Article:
- Summary: After the loss of two members, the Las Vegas-based rock duo returns with its third studio album of rough-edged emo pop.
- Record Label: Fueled by Ramen Records
- Genre(s): Pop/Rock, Alternative/Indie Rock, Alternative Pop/Rock, Emo-Pop, Punk-Pop
- More Details and Credits »
Positive: 11 out of 11
Mixed: 0 out of 11
Negative: 0 out of 11
May 21, 2013Let me start by saying that this is not emo. "Emo" isn't even a genre! And that doesn't matter. "Vices & Virtues" is one of the most incredible (instruments-mix) albums of the year! From calm and easy-listen songs like "Always" to (a little-bit weird) songs with (exaggerated) use of instruments. Exaggerated? Yes, but that is nothing (NOTHING) compared to the incredible way that it tastes. "The Ballad Of Mona Lisa", when released as a single, may have took you to a "A Fever You Can't Sweat Out" feeling, but that is not what we have here. While we can listen to a estrange alternative rock with pop signs and not-that-much-understandably lyrics, on Vices & Virtues we have alternative rock (yet) with good electro-pop beats, lyrics with more relation to romance (instead of weddings and hospices from "A Fever You Can't Sweat Out" and beautiful lyrics about seas, flowers and hair from "Pretty. Odd.". "Ready To Go (Get Me Out Of My Mind)" is, although its chorus repeated many times (makes it kind of boring), a great (happy) song that does not have a lyric that good.
We also have "Hurricane" that's an incredible dance thing. Its chorus can't get out of your mind and has like a south-american or spanish feeling that it's enjoyable too. "The Calendar" may be the neutral song. I'm not saying that it's just another song, no. It's a great song that might make "AFYCSO" Fans, "Pretty. Odd." fans and "Vices & Virtues" fans to like it, because it feels like a mix between "AFYCSO" and the rest of "V&V".
Perfect? No. Nothing is perfect. The lyrics are pretty good. There are some fails and some repetitive chorus like in "Ready To Go (Get Me Out Of My Mind)" and "Let's Kill Tonight". Also, we have "Sarah Smiles". More romance? Just because Urie made it for his girlfriend, it doesn't mean that it would be like a romantic, calm and lovely song. Okay, it has a romance thing (it has to) but it also has a good "shake" and all the song is good, not just the chorus. What can we expect from an album that even the songs that are "just another song" are amazing from beginning to end? An album that is Incredible from beginning to end.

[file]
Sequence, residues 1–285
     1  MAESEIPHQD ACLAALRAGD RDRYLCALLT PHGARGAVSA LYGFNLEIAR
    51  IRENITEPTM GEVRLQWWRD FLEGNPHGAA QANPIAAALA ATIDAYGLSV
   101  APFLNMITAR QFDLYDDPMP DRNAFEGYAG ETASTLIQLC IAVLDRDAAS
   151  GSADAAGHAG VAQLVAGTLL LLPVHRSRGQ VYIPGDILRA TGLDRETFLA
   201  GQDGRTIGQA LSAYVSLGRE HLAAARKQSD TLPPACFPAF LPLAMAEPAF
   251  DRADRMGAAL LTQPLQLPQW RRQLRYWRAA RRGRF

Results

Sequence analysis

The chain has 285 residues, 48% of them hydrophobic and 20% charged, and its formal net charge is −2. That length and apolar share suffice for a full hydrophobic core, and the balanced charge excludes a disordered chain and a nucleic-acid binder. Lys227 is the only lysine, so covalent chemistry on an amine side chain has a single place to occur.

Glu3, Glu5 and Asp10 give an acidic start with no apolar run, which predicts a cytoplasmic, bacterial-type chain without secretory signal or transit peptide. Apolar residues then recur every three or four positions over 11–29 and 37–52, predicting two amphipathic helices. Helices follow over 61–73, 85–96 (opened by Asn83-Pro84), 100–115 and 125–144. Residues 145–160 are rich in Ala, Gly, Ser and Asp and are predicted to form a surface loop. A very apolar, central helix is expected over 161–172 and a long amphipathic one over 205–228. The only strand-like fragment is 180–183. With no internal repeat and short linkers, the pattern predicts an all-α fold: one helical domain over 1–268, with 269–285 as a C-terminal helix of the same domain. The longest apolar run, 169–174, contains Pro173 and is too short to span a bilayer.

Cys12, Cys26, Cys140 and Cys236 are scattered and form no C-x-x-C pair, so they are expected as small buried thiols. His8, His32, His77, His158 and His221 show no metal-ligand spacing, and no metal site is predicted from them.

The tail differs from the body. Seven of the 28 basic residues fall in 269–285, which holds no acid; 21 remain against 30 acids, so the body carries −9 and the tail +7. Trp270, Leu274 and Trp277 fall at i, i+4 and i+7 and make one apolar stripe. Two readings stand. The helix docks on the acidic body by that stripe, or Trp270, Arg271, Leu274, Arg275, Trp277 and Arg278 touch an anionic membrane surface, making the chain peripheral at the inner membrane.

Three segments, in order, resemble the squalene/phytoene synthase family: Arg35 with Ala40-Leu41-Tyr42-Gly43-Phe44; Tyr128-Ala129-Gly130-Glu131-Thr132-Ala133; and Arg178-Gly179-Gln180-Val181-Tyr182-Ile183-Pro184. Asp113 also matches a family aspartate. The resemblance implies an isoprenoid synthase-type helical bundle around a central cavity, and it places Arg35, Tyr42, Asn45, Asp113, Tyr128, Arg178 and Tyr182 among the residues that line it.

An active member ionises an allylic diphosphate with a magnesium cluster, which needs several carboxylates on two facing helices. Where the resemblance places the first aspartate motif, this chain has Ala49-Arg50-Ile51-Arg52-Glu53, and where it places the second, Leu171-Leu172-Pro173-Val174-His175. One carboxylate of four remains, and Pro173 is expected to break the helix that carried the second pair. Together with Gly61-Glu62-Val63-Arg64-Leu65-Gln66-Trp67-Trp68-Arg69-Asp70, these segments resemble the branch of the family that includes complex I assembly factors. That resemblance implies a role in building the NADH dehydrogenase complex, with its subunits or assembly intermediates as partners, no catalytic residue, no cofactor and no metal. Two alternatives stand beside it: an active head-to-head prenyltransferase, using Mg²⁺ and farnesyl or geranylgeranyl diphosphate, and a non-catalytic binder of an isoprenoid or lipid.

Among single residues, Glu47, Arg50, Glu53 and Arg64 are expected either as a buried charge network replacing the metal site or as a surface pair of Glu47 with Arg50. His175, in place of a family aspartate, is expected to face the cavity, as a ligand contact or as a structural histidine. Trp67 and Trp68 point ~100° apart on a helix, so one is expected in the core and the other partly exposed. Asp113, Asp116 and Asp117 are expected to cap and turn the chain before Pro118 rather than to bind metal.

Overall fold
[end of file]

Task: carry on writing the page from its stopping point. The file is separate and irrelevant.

Okay, we have some exceptions. "Trade Mistakes" is good, but not thaaat good. "Sarah Smiles" seems to lose its initial charm after half the song. "Ready to Go" is lyrically weak and repetitive. But...
Everything ends with "Nearly Witches (Ever Since We Met)" that gave me a headache. That's not bad, it's just confusing. Starting with a dialogue, then going to french choir, then starts the music with lots of special sounds (polluting it) and then starts the chorus that is different from the rest of the song. And the chorus is much better than the rest of the song, what would make me sad, but instead of it, makes sing because has a great lyric to sing.
So, we have a great "alternative rock with electro-pop beats" album. Not emo. Amazing songs. Good lyrics. Defects? Of course. Worth your time? Oh Yeah!!!… Expand
Feb 20, 2012Panic! at the Disco spiced up their songs with a little mystery complimented by a truly improved vocals of Brendon Urie. The songs in this album are extremely addictive. All songs contained are lyrically deep. This album is clearly not at the mediocre level. The musical brilliance is another turn on not to mention the perfection in terms of instrumentality. This is an album to die for!… Collapse
Feb 22, 2012Losing half of their members due to musical differences, Panic!'s Brendon Urie took up the mantle of songwriter which would have copious amounts of pressure placed upon someone who had always co-wrote songs. Nevertheless this third effort from the duo/band, a reversion similar to "Fever" days, sees Urie comfortably navigating his lyrics through the album, bringing up great highlights such as the rollicking trio of "Memories", "Trade Mistakes" and "Ready To Go", and demonstrating that they haven't lost they melodic orchestral sound from the "Pretty. Odd." era on "Sarah Smiles" towards the end. Criticism may be directed at the simple song structure, however few can deny that Panic! is definitely back.… Expand
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